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  • Writer's pictureSoren Sciera


Surrounded by beautiful countryside as far as the eye can see, you’ll find Gisselfeld, with its arrow slits, machicolations and deep moats on all sides is witness to times gone by. The area around Gisselfeld is a charming mix of a classic manorial with an extravagant park with carp ponds and unspoiled nature, woods, fields and small streams.

It has been almost a year since we last visit this old monastery. But this sunday we went back, mostly because we was interested in a orchids exhibition at the Orangery, located next to the old castle.

The Orangery contains a small shop, and café
The Orangery contains a small shop, and café

Though it had been raining for most of the day, it was worth the visit. And on the plus side, we didn’t have to compete with other people as we where the only ones, visiting the site that day.

First mentioned at the end of the 14th century

Gisselfeld is first mentioned at the end of the 14th century when the owner was Bo Falk. At that time, there was a small manor situated some 2 km northwest of the site of today’s main building. It stood next to an older fort, possibly the now demolished Valgestrup.

Today’s estate was founded by Peder Oxe til Nielstrup who built the manor from 1547 to 1575. It originally consisted of four interconnected red-brick wings, three storeys high with thick outer walls, a number of loopholes and large stepped gables. A protruding gate tower stands at the centre of the left wing. The fourth wing, now demolished, housed a chapel.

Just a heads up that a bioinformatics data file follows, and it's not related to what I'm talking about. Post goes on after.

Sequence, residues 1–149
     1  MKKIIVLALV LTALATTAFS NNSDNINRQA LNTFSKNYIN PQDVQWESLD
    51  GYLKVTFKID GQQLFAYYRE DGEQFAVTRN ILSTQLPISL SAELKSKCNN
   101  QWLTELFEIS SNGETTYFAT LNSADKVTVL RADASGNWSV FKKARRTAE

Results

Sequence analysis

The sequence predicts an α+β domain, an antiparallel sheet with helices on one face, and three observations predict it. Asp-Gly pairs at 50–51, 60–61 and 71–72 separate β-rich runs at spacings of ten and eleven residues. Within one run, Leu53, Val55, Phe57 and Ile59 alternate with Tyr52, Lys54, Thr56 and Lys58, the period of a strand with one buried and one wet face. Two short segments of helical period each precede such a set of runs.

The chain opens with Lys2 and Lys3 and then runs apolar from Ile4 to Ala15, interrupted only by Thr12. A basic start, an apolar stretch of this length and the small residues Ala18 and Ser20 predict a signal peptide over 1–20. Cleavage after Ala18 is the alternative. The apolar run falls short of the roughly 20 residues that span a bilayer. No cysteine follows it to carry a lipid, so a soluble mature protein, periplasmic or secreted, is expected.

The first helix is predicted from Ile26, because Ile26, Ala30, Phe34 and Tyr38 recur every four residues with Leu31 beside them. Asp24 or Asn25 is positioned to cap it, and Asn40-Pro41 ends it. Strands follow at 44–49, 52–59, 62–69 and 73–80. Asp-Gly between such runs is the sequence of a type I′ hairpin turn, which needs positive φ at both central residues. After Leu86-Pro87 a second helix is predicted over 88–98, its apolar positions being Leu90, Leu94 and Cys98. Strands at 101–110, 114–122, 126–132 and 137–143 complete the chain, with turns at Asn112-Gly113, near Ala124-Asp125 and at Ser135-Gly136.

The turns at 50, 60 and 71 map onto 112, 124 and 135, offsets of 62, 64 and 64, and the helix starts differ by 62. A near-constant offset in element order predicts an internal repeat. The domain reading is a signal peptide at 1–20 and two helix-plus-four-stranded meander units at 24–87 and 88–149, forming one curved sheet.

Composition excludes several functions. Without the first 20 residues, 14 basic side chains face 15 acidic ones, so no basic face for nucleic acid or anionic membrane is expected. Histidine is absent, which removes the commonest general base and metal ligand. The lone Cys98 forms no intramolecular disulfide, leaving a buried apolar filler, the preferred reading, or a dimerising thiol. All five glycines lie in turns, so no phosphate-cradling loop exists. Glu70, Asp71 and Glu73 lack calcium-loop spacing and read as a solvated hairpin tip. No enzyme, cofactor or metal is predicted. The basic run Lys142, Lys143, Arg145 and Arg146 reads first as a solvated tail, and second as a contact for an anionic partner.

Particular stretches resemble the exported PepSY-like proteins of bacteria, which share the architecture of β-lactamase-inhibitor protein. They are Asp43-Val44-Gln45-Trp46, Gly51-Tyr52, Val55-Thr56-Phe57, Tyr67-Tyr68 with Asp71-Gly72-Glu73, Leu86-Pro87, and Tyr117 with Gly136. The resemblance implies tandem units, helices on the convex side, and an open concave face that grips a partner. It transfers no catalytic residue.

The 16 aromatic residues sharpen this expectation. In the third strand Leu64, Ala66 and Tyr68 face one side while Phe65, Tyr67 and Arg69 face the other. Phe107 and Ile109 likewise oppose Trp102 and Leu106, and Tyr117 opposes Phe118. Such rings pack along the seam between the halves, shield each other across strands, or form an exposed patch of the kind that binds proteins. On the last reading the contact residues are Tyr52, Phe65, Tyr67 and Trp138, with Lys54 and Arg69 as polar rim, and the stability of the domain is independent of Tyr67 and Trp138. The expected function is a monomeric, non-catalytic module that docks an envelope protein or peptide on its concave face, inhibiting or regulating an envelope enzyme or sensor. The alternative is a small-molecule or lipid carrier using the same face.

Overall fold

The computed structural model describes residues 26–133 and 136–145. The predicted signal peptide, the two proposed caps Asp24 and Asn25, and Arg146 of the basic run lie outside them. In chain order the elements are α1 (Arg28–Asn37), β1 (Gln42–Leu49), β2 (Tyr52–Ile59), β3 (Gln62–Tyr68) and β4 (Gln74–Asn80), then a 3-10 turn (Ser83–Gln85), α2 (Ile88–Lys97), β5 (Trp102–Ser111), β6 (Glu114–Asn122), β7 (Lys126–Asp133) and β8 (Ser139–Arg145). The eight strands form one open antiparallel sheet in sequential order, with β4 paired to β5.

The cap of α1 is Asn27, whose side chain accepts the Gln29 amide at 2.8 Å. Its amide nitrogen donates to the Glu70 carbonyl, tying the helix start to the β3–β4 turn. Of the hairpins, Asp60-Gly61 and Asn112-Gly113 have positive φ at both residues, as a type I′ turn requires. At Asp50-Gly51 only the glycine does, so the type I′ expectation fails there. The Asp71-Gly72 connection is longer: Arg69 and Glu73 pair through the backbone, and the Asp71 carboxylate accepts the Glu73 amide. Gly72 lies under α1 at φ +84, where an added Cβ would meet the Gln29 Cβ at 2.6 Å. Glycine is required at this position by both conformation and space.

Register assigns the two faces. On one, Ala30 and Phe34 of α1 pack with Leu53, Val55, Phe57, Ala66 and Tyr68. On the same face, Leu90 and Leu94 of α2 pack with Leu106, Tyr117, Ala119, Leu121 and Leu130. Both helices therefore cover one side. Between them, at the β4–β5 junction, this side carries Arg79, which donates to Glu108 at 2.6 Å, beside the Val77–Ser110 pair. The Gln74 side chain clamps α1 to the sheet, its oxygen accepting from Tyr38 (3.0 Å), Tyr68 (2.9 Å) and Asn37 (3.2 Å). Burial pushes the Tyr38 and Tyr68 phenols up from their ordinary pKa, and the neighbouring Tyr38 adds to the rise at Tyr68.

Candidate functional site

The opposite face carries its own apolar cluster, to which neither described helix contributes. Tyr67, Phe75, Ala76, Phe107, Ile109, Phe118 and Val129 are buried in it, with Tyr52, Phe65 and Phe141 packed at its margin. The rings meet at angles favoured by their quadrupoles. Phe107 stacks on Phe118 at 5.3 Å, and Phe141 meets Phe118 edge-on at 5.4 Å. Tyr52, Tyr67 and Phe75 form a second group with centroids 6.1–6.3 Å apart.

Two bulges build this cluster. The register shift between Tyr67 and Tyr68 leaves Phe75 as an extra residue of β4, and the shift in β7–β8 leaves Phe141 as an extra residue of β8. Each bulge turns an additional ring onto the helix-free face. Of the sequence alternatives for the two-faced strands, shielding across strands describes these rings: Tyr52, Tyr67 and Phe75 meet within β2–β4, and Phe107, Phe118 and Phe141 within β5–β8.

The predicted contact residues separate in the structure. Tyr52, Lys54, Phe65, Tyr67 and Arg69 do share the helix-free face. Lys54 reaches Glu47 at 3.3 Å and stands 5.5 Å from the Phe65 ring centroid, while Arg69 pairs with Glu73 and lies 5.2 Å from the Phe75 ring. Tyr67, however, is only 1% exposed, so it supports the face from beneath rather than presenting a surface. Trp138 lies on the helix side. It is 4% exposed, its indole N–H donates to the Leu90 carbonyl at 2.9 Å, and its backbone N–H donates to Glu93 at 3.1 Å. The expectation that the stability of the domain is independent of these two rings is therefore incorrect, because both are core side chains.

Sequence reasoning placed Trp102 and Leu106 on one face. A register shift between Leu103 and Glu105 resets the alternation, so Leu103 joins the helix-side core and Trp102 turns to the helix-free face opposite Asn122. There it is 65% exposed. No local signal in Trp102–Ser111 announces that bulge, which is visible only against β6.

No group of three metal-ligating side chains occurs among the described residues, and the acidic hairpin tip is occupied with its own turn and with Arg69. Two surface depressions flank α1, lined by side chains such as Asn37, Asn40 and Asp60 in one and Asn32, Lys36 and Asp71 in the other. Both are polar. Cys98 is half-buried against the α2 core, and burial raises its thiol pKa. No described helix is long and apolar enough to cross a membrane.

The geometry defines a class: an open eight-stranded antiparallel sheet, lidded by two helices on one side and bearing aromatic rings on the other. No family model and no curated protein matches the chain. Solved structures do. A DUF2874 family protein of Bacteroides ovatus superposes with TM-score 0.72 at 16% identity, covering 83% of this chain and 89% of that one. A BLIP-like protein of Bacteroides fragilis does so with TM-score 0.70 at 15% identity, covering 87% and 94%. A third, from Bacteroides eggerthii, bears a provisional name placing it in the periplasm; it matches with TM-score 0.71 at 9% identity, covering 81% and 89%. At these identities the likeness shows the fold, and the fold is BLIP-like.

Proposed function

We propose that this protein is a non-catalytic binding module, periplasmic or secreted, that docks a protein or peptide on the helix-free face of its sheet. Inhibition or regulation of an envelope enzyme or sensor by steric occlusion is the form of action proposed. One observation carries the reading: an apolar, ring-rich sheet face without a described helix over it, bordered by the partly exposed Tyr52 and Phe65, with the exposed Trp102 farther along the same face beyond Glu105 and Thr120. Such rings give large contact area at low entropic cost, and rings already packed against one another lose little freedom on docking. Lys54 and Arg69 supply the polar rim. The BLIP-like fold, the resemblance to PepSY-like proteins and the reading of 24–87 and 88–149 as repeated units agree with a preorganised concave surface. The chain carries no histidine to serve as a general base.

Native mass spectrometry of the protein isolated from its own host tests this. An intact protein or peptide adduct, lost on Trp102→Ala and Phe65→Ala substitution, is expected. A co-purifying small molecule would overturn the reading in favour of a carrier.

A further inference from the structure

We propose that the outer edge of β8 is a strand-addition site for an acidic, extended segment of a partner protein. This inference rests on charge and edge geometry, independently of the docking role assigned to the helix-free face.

Gisselfeldt seen from a distance
Gisselfeldt seen from a distance

After a short period of ownership by the Crown, in 1670 the property was presented to Count Hans Schack as a reward for the part he played in the Swedish wars. In 1688, his son Otto Diderik sold the estate to Adam Levin Knuth whose family maintained ownership until 1699, when Christian V‘s illegitimate son took it over.

As a result of his will, on his death in 1703 the manor building should have become a convent. But this did not happen until the death of his widow Dorothea Krag in 1754 extinguished her dower rights.

The park at Gisselfeldt
The park at Gisselfeldt

Since 1755, under the name of Danneskiold-Samsøe his descendants have run the estate as “Gisselfeld Adelige Jomfrukloster I Sjælland” (Gisselfeld Convent in Zealand for Virgins of Noble Birth). The 11th in line Helene Danneskiold-Samsøe, has since 2010 been running Gisselfeld.

An old tree
An old tree


The park and Orangery are open everyday from kl. 10-17.

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